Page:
Tag: Cincinnati

Dondrae Bremner soaks in final junior trip before Cincinnati

Down to his last day with the Canadian Junior National Team, Dondrae Bremner is hoping to move onto his next step and head to the University of Cincinnati with a bronze medal in his back pocket.

Before joining the Bearcats, the 18-year-old infielder and the rest of his Team Canada teammates will take on Japan at the World Baseball Softball Confederation’s U18 World Cup, Bremner’s final matchup with the group. The bittersweet moment will signify the end of an era in which he’s made the most of every moment, and is extremely grateful for.

“It’s been a really good time,” the 31st-round draft pick of the Cincinnati Reds said. “I love all the guys. I’m really going to miss it, especially playing for my country. I feel like this opportunity has prepared me for both university, and if I do get drafted in my junior or senior year. I feel like it’s done a really good job of that…

“It’s weird thinking that I’m pretty much not going to play with any of these guys ever again. It’s been a blast. I’ve loved it. But it’s been a little sad these last couple of days, realizing that it’s almost over and I might not see them.”

Bremner’s final trip began with two immediate World Cup losses to Chinese Taipei and Korea at Port Arthur Stadium in Thunder Bay, leaving Team Canada in a hole it had to win its way out of. An epic ninth-inning comeback against Italy got the team started, and after rolling through Australia and Nicaragua, it was onto the super round, where it beat Japan and Cuba to secure a rematch against the Japanese squad for bronze on Sunday.

“We had a really good start, but we just couldn’t pull out the wins,” Bremner said. “But the intensity has gotten way better, and as a team we’re getting the job done. These last games have been really exciting…International baseball is exactly what Greg [Hamilton, Baseball Canada’s director of national teams] said it was going to be – high intensity, and we’ve pretty much got to be all in if we’re going to win.”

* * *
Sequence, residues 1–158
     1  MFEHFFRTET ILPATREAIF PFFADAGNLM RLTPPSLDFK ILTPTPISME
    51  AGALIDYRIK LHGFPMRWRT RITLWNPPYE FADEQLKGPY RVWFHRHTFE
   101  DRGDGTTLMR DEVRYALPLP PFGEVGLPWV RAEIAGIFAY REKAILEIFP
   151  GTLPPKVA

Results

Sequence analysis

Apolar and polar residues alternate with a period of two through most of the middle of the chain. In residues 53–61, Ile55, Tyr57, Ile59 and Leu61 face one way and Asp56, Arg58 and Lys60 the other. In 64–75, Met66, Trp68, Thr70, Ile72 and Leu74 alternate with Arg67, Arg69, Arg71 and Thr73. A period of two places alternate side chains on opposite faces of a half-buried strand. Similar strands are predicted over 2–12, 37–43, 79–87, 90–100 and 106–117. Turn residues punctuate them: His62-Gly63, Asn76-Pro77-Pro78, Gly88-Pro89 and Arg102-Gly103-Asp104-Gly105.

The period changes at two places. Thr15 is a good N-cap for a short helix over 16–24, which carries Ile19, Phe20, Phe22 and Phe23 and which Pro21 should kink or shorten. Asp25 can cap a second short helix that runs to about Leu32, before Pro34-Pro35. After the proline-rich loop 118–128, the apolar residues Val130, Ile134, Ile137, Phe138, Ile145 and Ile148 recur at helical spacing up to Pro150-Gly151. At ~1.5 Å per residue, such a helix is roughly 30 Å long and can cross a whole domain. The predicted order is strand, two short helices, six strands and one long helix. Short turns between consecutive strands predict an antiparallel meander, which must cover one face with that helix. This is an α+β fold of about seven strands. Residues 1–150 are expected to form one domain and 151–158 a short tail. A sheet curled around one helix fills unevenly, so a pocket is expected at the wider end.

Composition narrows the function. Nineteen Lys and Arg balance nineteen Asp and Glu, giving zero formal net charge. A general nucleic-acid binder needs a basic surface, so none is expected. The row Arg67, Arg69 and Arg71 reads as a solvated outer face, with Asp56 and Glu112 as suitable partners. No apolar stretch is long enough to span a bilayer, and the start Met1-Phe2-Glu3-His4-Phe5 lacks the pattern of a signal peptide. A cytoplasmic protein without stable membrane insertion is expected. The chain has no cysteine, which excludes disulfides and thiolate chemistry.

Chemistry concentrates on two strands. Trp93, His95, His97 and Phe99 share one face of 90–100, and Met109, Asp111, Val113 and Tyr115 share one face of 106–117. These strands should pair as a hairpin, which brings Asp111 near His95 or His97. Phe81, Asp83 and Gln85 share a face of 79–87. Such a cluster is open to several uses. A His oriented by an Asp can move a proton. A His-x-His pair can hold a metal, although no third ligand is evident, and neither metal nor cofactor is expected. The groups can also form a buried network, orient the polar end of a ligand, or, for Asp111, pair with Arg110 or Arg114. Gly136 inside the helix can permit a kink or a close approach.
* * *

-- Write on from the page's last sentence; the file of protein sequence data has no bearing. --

Hoping the crowd is on his team’s side on Sunday, the Toronto native believes the fans in Thunder Bay played a prominent role for the host nation early in the tournament, and in its most intense matchup, and will take all the help it can get as it fights for a medal.

“The crowd is amazing and that’s helped us,” Bremner said. “Some games, they haven’t been as intense as they were in the Italy game, but the crowd really helped us out in that game because they got us going…

“Against Italy, we played a good game. I felt like at the beginning we were putting too much pressure on ourselves and we weren’t doing what we needed to do. But towards the end, it got really intense, because we started playing the way we usually do, and we came back and pulled out a big win. This whole tournament has been a blast. I love it, especially playing for your country in front of your fans.”

Helping prepare Bremner for both his adventures with the Junior National Team as well as moving onto the American Athletic Conference has been the Toronto Mets program, where he has impressed with his development both on and off the field.

“Playing for the Mets really developed me, especially playing in the [Canadian Premier Baseball League],” the shortstop said. “We don’t usually see any arms that aren’t good; there are good arms coming at us every single game.

“Pretty much the talent here with the junior team, and in our league with the Mets, has been really good, and the coaches in the league have done a really good job of prepping me for what’s next.”

One of Bremner’s coaches over the years has been Chris Kemlo, who has seen firsthand the amount of progress the young player has made, and is excited for his next step, knowing that his ceiling is yet to be determined.

“At Cincinnati, he’s going to be someone who comes right in as a very athletic player with a lot of tools,” Kemlo said. “He’s nowhere near where he’s going to be when he leaves Cincinnati. There’s a lot of upside, and the biggest thing is the athleticism he brings. He’s got all the tools, but he has yet to reach his potential. There’s a lot more there.